His outburst (for which he eventually apologized, while trying to explain that he had personal circumstances that prevented him from being present in the Senate) will likely re-open the never-quite-closed debate over the Senate and its legitimacy as a patronage plum. Brazeau’s career is a good illustration of the Biblical maxim “The race is not to the swift,” and his habitual partisan rowdiness on the Internet does make one wonder if the upper chamber retains any hope of the dignity which is — at least in principle — its chief recommendation.
With little more than a pretty face and a modelling CV, the university drop-out Patrick Brazeau threw himself into aboriginal politics, joining the Congress of Aboriginal Peoples, or “CAP,” just in time to inherit the position of President from the retiring Dwight Dorey. Brazeau well understood the art of political maneuvering. The Assembly of First Nations, under then National Chief Phil Fontaine, had by the mid-2000s cultivated a close working relationship with the federal Liberals. Paul Martin and Phil Fontaine, for example, were on especially good terms.
Brazeau shrewdly manipulated his niche of opportunity — the plentiful non-status, off-reserve aboriginals situated beyond the AFN’s mandate — and aggressively courted the federal Conservative Party of Canada. It was a shrewd move. Stephen Harper needed some aboriginal allies, and Brazeau needed funding and a political ally in Ottawa. Within three years, “National Chief” Brazeau (a title whose adoption turned the rival AFN leadership a lovely hue of purple) had the prospect of collecting a generous CAP salary concurrent with a Senate income.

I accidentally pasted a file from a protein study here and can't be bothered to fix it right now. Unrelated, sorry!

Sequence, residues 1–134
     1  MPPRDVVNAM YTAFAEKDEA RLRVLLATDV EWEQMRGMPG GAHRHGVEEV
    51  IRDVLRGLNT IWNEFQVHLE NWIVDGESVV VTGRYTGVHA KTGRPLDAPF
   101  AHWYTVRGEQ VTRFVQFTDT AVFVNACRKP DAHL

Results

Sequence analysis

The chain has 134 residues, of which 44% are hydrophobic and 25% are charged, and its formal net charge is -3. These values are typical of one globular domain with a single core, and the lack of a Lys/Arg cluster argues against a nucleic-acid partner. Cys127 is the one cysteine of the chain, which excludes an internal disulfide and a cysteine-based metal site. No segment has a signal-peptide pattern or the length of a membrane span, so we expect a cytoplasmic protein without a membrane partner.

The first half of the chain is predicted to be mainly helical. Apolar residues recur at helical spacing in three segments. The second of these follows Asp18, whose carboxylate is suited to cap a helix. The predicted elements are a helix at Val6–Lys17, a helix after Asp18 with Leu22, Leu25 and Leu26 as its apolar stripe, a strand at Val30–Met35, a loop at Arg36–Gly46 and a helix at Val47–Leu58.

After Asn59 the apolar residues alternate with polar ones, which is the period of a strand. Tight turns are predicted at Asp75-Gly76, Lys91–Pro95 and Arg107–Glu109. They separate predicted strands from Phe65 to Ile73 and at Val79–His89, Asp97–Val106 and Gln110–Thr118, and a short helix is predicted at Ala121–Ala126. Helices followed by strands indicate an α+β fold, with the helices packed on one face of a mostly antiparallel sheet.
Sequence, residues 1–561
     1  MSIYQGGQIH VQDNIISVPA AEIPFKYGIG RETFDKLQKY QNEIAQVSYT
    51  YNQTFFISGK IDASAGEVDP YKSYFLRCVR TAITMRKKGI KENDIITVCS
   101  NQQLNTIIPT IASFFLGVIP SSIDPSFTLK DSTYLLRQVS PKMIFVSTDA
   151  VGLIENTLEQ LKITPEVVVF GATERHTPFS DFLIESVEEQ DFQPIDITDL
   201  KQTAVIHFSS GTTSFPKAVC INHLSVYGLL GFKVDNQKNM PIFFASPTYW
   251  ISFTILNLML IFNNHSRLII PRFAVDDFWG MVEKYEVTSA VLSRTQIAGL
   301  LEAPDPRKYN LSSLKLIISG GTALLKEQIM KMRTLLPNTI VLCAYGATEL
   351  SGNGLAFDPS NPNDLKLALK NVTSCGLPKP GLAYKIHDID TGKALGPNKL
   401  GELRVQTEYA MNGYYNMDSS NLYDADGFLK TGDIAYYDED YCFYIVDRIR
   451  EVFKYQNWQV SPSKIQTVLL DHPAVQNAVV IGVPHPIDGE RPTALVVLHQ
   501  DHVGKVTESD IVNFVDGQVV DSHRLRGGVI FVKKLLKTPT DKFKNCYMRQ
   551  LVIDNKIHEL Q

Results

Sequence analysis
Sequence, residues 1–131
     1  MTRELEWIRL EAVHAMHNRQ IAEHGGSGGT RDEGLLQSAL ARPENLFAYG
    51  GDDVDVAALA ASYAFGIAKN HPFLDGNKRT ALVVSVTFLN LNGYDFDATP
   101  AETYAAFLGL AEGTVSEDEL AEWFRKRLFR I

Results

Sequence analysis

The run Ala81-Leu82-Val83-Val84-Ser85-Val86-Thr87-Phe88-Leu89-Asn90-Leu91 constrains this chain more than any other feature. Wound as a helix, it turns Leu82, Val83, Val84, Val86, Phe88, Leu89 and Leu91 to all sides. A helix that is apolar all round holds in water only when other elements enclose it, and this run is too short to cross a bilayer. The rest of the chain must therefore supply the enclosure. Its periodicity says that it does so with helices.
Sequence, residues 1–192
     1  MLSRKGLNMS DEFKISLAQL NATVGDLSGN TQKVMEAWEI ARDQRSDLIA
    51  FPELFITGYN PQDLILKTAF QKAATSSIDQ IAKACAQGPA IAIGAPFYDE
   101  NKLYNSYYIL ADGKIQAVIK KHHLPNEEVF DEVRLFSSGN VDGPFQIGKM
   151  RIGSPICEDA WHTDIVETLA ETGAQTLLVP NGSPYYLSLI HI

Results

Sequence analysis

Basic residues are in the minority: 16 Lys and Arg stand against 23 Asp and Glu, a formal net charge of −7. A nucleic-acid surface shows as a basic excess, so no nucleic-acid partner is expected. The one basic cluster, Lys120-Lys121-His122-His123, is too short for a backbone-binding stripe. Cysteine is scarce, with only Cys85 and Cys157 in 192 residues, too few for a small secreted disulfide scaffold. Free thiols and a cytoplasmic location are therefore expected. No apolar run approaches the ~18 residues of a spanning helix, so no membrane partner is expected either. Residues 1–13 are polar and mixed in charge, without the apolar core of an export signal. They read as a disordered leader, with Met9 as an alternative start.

Having absorbed the disappointing news that it was one or the other, Brazeau dispossessed himself of the weighty charge of national leadership and focused on moving on up to the East Block. Those of us who were around and paying attention will recall him cruising the nation’s capital in his Porsche SUV (purchased used, he pointed out) as local media reported some questionable CAP expenses, allegations of sexual harassment and, later, tardy child-support payments.
Brazeau has long been unpopular in Indian Country, where news of the sort summarized above travels swiftly. A more cautious fellow, having found himself in Brazeau’s blessed situation, would keep his head down, lest he risk his extraordinary good fortune. The Senator, however, never misses an opportunity to stir it up.